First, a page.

The software applications are professional Financial Planning software applications. I checked with the major vendors to see if they had MAC versions before I switched to MAC and unfortunately none of them do.

Benjamindaines
Apr 1, 2006, 12:37 PM
Check out Q (http://www.kberg.ch/q/). It's a free windows emulator, all you will need is a copy of Windows to install. It runs on Intel unlike VPC.

--Enjoy

Steve1496
Apr 1, 2006, 12:40 PM
Check out Q (http://www.kberg.ch/q/). It's a free windows emulator, all you will need is a copy of Windows to install. It runs on Intel unlike VPC.

--Enjoy


He already stated he doesn't consider Q ready for primetime yet.


Steve

Benjamindaines
Apr 1, 2006, 12:46 PM
He already stated he doesn't consider Q ready for primetime yet.


Steve
Oh, sorry I missed that

ChiMon
Apr 1, 2006, 12:47 PM
He already stated he doesn't consider Q ready for primetime yet.


Steve

My opinion that Q is not ready for prime time is based on other posts in the forum. I checked out the web site and it looks like a good and simple solution.

What are the pros and cons of Q vs. running XP natively? Does anyone have extensive experience with Q? Is it reliable enough to use as a core part of a business environment?

Steve1496
Apr 1, 2006, 12:52 PM
My opinion that Q is not ready for prime time is based on other posts in the forum. I checked out the web site and it looks like a good and simple solution.

What are the pros and cons of Q vs. running XP natively? Does anyone have extensive experience with Q? Is it reliable enough to use as a core part of a business environment?


Q is very good for being an alpha right now. It works fine for Windows XP/2000, but does have some odd little bugs that need to be fixed. The kqemu kext module is being developed and looks like it will be very good (kext is a virtualizer)--so expect speed to drastically increase.

Running Windows XP natively, contrary to what CanadaRAM and Benjamindaines have said, is actually not extremely complicated. You cannot brick your Mac doing it, because you do not modify the firmware. The only real downside is video drivers not yet working so video and games are a little slow, but a huge amount of effort is being put into this. There are helper applications to make it easier too, such as XOMHelper (which automatically set the proper bootfiles for you).

Steve

ChiMon
Apr 1, 2006, 01:05 PM
Q is very good for being an alpha right now. It works fine for Windows XP/2000, but does have some odd little bugs that need to be fixed. The kqemu kext module is being developed and looks like it will be very good (kext is a virtualizer)--so expect speed to drastically increase.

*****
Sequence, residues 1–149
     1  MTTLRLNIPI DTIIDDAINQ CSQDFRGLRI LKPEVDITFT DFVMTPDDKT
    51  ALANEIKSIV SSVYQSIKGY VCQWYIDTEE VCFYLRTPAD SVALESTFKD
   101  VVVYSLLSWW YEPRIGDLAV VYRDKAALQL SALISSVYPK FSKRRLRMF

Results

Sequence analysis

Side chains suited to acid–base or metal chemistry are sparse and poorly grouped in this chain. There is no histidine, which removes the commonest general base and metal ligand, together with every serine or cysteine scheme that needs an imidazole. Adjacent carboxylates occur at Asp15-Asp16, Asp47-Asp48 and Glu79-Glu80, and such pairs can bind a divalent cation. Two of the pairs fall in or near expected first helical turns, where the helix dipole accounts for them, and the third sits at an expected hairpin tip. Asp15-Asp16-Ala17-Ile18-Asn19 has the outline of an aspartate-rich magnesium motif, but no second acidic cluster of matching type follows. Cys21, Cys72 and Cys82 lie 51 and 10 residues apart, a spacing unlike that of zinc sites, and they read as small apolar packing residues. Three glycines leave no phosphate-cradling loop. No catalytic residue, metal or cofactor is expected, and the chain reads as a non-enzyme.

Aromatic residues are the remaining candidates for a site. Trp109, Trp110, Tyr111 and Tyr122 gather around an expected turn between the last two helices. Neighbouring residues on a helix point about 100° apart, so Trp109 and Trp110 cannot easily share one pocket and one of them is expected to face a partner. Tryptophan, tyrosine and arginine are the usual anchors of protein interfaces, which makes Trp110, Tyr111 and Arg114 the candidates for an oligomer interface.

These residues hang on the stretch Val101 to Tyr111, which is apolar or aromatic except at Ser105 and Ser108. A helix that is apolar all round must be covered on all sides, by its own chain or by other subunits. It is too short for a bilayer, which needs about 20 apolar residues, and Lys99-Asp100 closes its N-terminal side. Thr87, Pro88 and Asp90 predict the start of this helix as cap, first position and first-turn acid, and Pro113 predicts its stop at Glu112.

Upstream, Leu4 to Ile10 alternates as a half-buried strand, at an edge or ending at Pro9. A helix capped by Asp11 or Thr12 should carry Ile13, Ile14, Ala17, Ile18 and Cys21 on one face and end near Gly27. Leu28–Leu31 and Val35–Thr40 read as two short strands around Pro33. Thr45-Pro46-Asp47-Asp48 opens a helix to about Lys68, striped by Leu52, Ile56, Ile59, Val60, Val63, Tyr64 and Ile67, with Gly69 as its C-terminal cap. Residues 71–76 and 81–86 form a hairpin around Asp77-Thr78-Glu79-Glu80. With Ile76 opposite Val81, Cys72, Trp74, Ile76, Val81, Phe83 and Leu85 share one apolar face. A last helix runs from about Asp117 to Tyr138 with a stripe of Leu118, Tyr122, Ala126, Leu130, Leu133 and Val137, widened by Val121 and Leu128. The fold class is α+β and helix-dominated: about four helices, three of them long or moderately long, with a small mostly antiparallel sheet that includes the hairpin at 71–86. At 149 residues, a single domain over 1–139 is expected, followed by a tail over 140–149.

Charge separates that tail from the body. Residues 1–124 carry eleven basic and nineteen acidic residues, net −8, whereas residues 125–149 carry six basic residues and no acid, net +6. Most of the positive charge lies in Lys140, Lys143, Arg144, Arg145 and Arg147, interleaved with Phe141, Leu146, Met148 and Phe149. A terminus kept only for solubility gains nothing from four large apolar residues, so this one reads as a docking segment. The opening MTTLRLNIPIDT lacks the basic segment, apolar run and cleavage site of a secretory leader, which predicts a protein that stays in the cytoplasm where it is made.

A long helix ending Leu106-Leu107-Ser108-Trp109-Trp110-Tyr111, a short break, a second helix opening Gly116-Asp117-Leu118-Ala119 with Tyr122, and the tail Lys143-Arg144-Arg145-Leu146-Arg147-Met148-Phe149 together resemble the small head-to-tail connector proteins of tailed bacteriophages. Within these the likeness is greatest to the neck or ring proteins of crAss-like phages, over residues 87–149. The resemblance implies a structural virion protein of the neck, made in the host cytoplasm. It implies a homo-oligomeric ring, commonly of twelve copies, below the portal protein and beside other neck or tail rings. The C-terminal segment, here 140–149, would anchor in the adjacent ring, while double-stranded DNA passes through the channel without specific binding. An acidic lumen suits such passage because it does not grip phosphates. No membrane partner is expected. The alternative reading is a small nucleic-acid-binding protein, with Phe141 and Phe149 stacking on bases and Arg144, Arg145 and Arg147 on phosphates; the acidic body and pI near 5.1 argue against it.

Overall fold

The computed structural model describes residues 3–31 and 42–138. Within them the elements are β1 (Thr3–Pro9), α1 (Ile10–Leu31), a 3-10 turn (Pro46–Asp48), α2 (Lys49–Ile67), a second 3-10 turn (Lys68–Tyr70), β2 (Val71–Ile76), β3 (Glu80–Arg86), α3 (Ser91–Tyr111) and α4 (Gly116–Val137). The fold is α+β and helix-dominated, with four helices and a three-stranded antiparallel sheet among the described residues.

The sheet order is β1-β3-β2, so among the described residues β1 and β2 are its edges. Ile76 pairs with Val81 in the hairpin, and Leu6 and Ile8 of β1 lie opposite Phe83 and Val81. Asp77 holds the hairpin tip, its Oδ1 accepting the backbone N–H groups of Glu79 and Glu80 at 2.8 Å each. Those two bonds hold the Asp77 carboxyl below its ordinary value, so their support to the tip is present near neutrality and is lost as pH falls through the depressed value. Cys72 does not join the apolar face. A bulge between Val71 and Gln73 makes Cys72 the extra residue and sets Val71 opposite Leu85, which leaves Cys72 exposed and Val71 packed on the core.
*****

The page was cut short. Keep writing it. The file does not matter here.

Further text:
Running Windows XP natively, contrary to what CanadaRAM and Benjamindaines have said, is actually not extremely complicated. You cannot brick your Mac doing it, because you do not modify the firmware. The only real downside is video drivers not yet working so video and games are a little slow, but a huge amount of effort is being put into this. There are helper applications to make it easier too, such as XOMHelper (which automatically set the proper bootfiles for you).

Steve

One last question (I think): It sounds like running XP natively is going to be the best long term solution. If I purchase a new MacBook Pro and try to configure it to run XP natively, and I cannot get it set up properly, how hard will it be to re-install the original operating system so it is like new?

Steve1496
Apr 1, 2006, 01:09 PM
One last question (I think): It sounds like running XP natively is going to be the best long term solution. If I purchase a new MacBook Pro and try to configure it to run XP natively, and I cannot get it set up properly, how hard will it be to re-install the original operating system so it is like new?



Put the CD in the drive and hold down the C button during startup. That will bring you to Mac OSX Installer, and from there is a fully graphical setup. You just click on where you want to install OSX.

Steve

ChiMon
Apr 1, 2006, 01:12 PM
Put the CD in the drive and hold down the C button during startup. That will bring you to Mac OSX Installer, and from there is a fully graphical setup. You just click on where you want to install OSX.

Steve

I'll try it. Thanks everyone for your advice. I appreciate it!

spinne1
Apr 2, 2006, 10:24 AM
Because XP on a Mac is so early in its development, perhaps you can find equivalent Mac programs to do what you want. Here is Apple's software page for business finance apps to download. There are complete shareware versions and also demos of professional apps.

http://www.apple.com/downloads/macosx/business_finance/